I know that the title of this post may not immediately drive you wild. In fact, the idea of sad, limp vegetables, mold and food just generally past its prime will be enough to put most people off. However, with all the waste there is in the world I think it’s important to make people aware of how transformative cooking can be for a bunch of sad old vegetables. Continue reading
Another Sunday, another roast. Every now and then I crave pork belly. I just do. This was one of those days. Lucky for me, Jamie Oliver came to the rescue with a great cider-braised pork belly recipe with cider mustard sauce.
Father’s Day afforded me the perfect opportunity to flick through some of my old Olive magazines on the hunt for an easy but tasty recipe to serve up to the in-laws. An impulse buy pork shoulder was still in the freezer from before I left for California, no doubt because my husband thought it was too much for one person. Had it been me, I would not have had any hang ups about cooking and eating the whole thing – obviously not in one sitting, probably. I found a recipe for slow-cooked pork shoulder with coleslaw and sweet potato fries. It sounded good and southern to me, which is not a cuisine my British in-laws have enjoyed very often, so I decided to go with it.
I bet you’re so sick of reading about cabbage soup that you’d be glad never to see another bowlful of hot, steaming, brothy vegetables ever again. Well, that’s too bad because I’ve got another version for you and this one’s got some Asian flair!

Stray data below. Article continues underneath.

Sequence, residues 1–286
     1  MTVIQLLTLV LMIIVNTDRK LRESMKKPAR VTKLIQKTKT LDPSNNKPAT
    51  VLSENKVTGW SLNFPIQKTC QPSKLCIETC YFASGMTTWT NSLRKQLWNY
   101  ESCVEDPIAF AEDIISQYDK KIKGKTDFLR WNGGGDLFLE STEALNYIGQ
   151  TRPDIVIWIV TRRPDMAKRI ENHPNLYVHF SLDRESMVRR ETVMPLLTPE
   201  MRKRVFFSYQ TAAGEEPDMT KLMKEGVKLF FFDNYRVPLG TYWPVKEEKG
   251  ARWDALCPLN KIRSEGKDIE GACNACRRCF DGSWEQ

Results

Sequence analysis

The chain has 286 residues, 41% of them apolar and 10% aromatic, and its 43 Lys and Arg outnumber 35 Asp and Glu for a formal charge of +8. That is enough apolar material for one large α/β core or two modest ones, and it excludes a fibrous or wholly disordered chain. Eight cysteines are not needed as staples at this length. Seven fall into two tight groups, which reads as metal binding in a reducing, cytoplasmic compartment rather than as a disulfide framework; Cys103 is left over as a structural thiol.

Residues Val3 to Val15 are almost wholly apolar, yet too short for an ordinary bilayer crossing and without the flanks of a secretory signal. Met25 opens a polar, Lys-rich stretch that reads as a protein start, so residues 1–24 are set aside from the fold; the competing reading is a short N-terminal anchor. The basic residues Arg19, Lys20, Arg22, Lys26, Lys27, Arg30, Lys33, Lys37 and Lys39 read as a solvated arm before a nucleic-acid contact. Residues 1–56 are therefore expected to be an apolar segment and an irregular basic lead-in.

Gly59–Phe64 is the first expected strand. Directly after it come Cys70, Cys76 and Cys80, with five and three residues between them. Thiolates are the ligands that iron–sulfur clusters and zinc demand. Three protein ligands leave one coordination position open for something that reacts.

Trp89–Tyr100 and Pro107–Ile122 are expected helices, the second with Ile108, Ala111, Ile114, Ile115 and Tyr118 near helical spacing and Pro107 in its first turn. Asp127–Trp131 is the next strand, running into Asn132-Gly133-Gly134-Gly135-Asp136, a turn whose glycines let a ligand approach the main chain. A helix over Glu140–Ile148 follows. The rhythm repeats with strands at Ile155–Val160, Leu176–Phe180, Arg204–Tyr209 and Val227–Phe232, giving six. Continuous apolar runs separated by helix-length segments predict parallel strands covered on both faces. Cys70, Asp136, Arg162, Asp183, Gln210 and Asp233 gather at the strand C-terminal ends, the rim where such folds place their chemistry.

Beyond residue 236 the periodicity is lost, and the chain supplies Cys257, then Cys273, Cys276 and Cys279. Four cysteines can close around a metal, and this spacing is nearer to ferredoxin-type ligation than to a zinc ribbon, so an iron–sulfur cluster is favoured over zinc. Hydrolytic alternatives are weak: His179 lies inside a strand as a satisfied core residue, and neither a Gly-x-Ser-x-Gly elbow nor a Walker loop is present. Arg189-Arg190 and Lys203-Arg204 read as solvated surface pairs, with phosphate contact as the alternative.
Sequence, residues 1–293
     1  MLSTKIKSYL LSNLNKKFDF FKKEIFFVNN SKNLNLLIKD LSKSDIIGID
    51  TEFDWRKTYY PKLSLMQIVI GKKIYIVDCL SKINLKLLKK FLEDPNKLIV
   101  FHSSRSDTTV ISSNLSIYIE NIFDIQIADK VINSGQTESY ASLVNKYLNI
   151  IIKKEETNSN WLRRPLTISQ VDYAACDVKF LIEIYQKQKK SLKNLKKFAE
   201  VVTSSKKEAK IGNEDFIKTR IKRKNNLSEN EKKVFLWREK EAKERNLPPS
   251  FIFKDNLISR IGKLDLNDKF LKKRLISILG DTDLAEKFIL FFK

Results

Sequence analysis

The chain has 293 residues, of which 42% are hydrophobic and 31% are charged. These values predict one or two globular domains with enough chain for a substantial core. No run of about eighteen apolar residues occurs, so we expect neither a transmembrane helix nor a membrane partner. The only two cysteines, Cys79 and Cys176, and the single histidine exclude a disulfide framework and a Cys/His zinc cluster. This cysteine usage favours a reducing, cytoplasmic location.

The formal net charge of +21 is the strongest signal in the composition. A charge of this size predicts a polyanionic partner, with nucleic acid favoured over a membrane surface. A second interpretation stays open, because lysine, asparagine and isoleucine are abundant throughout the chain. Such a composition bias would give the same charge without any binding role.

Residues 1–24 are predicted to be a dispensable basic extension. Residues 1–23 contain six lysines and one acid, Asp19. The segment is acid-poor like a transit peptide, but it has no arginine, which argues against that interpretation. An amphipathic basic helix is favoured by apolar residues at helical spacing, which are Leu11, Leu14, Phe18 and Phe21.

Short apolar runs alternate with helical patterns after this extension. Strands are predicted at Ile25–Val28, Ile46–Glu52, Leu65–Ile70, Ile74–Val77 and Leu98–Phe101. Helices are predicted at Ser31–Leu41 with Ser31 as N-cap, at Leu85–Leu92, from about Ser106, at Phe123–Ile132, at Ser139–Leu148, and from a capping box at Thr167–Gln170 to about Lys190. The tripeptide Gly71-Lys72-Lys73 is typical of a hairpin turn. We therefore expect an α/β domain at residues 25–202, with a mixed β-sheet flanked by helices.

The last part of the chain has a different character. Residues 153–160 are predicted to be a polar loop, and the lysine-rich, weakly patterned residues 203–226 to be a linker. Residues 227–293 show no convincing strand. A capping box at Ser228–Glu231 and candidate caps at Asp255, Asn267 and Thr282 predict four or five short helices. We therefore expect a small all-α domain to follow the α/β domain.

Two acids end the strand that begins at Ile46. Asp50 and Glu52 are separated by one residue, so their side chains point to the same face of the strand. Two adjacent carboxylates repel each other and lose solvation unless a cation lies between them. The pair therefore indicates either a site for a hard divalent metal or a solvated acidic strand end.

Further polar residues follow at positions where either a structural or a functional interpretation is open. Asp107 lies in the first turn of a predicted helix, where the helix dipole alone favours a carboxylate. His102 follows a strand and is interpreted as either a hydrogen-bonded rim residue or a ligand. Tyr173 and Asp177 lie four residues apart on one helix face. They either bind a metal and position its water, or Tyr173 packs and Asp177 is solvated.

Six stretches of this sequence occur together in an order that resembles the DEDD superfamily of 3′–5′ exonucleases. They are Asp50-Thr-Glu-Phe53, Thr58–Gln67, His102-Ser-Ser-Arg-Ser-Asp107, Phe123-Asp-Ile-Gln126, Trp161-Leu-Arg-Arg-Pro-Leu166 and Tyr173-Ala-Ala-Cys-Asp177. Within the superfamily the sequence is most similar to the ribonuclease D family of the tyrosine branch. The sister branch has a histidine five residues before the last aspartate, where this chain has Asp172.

Yes, it’s April. Yes, it was snowing last week. No, it’s not yet time to put the soup pot in the back of the cupboard, so why not another version of cabbage soup. This one has a slightly more Mediterranean vibe than my Polish/Scandinavian version as it uses cannellini beans, rosemary and a bit of tomato paste.
As pancake day is imminent, I thought I’d post this delectable discovery I made last weekend. I’m not sure how I stumbled across this mouthful of a Japanese pancake, probably searching for something more interesting to do with cabbage than make soup or add it to a stir fry. This is definitely different and you can add pretty much any vegetables you have laying around, so it’s pretty versatile.
The two main ingredients in this soup may not be obvious bed fellows, but their union was inspired by a single person. One of my closest friends is from Poland and she has opened my husband’s and my eyes to the delights of Polish food. Cabbage soup is one dish which has become a staple in our house, especially at the time of year when we need to shake a few pounds loose.